Davy DMX, Queens DJ, multi-instrumentalist and creator of "The DMX Will Rock", named himself after the Oberheim DMX, drum machine of choice in mid-80s HipHop.
Electro-pop, British style: Depeche Mode, Ultravox, Human League, Gary Numan, Thomas Dolby et al. The one-finger keyboard techniques of Depeche Mode were an inspiration to a generation of scratch DJs across the Atlantic. 808 (as in Roland), the beatbox whose artificiality liberated Electroids from drum cliches.
Futura, Fab Five Freddy, Face 2000 and Phase II, all graffiti artists who recorded Electro-rap tracks on Celluloid. The Funhouse, Manhattan's temple of futurist Electro. Freestyle, late 80s New York dance music, very post-Electro/pre-Garage, Latin flavoured, frequently softcore ("Talk Dirty To Me", "Vanessa Del Rio") as recorded by Corporation Of One, Bad Boy Orchestra and Tommy Musto.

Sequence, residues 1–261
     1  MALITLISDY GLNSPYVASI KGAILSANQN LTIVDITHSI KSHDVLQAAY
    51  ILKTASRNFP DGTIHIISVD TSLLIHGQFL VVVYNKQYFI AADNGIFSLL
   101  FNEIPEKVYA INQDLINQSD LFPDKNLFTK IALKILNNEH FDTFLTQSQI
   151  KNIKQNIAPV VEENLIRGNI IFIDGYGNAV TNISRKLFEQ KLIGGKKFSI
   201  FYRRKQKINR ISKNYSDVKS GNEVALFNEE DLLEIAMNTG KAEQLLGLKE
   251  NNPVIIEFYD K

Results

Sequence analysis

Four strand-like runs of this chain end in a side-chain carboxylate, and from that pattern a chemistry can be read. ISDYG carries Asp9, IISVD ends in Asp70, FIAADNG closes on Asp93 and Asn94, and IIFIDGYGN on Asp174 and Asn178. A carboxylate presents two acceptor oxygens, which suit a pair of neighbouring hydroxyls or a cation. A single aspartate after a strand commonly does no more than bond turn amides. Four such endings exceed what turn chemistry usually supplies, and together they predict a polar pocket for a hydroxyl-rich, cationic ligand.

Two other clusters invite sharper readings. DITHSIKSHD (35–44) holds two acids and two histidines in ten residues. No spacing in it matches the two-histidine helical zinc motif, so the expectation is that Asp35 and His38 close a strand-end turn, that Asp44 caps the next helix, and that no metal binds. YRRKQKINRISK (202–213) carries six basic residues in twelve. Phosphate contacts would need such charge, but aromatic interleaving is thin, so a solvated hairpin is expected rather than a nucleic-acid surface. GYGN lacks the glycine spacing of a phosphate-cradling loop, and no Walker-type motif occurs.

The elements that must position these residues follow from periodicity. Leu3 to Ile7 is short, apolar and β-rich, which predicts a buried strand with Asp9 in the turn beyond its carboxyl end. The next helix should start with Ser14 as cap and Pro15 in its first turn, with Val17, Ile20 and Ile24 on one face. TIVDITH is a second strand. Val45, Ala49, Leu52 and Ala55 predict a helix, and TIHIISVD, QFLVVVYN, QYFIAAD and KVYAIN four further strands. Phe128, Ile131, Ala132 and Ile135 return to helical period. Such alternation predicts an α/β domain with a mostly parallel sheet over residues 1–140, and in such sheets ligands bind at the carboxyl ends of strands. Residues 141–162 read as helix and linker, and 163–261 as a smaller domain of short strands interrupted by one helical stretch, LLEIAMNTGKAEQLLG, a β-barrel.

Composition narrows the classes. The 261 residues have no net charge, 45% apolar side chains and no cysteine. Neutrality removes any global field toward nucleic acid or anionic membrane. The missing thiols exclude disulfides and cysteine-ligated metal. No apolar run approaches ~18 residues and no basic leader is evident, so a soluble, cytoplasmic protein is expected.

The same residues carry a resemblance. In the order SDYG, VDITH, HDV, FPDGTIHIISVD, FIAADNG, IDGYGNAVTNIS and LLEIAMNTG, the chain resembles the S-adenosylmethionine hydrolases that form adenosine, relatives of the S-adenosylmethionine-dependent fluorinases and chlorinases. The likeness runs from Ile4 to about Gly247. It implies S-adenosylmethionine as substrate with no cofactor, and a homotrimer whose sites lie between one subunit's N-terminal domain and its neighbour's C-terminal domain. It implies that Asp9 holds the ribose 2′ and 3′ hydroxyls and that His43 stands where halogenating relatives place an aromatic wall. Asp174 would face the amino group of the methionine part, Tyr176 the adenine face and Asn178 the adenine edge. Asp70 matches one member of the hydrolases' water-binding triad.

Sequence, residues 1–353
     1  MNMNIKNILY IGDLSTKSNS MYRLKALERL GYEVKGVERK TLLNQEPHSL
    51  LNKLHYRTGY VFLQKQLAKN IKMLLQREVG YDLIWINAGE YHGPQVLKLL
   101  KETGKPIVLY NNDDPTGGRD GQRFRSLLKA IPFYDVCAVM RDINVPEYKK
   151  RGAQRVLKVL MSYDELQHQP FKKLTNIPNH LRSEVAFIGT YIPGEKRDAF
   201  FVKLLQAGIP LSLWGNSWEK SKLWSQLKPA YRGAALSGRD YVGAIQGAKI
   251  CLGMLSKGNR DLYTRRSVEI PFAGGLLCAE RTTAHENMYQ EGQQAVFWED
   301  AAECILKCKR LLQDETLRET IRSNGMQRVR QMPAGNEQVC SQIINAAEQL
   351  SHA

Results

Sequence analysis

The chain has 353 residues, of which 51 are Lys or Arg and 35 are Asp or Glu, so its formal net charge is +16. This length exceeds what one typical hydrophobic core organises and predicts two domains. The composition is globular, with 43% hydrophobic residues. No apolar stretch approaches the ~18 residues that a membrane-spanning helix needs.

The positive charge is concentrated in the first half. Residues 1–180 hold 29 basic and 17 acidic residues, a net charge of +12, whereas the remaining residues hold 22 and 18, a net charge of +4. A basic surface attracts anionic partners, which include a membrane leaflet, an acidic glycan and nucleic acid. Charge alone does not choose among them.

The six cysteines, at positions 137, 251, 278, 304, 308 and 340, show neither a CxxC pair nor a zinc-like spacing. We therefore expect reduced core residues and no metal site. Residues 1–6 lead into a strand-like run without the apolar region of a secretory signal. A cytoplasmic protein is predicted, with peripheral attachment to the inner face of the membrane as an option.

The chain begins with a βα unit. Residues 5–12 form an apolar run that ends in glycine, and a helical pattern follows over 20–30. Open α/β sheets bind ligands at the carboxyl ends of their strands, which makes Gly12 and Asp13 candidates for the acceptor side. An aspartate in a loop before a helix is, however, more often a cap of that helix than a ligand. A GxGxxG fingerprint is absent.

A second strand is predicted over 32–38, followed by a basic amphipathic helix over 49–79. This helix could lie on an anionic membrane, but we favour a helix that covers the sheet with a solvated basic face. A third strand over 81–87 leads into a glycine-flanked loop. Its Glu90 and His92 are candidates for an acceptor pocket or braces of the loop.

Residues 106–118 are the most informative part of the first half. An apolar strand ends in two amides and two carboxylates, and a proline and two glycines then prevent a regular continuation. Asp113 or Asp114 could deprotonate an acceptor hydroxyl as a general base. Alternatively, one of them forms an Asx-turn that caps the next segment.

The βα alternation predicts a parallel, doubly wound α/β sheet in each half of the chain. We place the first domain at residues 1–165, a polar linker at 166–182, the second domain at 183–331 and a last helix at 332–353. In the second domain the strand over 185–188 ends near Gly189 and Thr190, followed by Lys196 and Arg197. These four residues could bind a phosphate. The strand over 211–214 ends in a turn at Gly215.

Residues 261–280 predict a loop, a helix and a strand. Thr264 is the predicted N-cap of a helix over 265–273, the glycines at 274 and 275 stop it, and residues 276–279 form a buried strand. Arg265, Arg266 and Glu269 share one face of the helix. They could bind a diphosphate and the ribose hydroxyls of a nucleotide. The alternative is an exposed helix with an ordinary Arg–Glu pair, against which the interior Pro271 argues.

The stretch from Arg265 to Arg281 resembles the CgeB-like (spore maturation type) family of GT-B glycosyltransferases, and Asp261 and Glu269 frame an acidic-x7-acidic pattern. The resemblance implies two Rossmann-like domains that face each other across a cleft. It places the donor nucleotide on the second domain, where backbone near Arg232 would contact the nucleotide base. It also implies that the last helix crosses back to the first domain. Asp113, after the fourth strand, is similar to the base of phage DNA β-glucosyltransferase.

After Grandmaster Flash and "Scorpio" came Grandmaster Melle Mel with Electro hits - "White Lines" and "Survival" - followed by Grandmixer D.ST's "Grand Mixer Cuts It Up", a storm of stereo-panned arcade bleeps. D.ST went on to perform live on turntables with Herbie Hancock's Rockit group. Forming the golden triangle of Electro in the late 80s were Miami Bass, New York Latin freestyle and in LA - pre-gangsta - Dr Dre and DJ Yella cutting production teeth on "Planet Rock" clones such as World Class Wrecking Cru and the fast, juvenile sub-bass of JJ Fad's "Supersonic".
With 70s albums such as Sextant, Thrust and Headhunters, Herbie Hancock anticipated many tropes and tricks of Electro. His Electro tracks with Bill Laswell - particularly the smash hit "Rockit" - were not such a future shock, and his earlier music has aged better. In Hollywood, the cinematic possibilities of robot beats and moves in the doomed megalopolis were ill-served by such films as Beat Street, Breakin' and Flashdance. As (almost) always, the best ideas were the cheapest, a principle suggested by one scene in Breakin' (renamed Breakdance 1 in the UK): a dance routine with a broom and Kraftwerk's "Tour De France". Post-Electro, the human beatbox, exemplified by Dougie Fresh and The Fat Boys, was a biological response to the drum machine.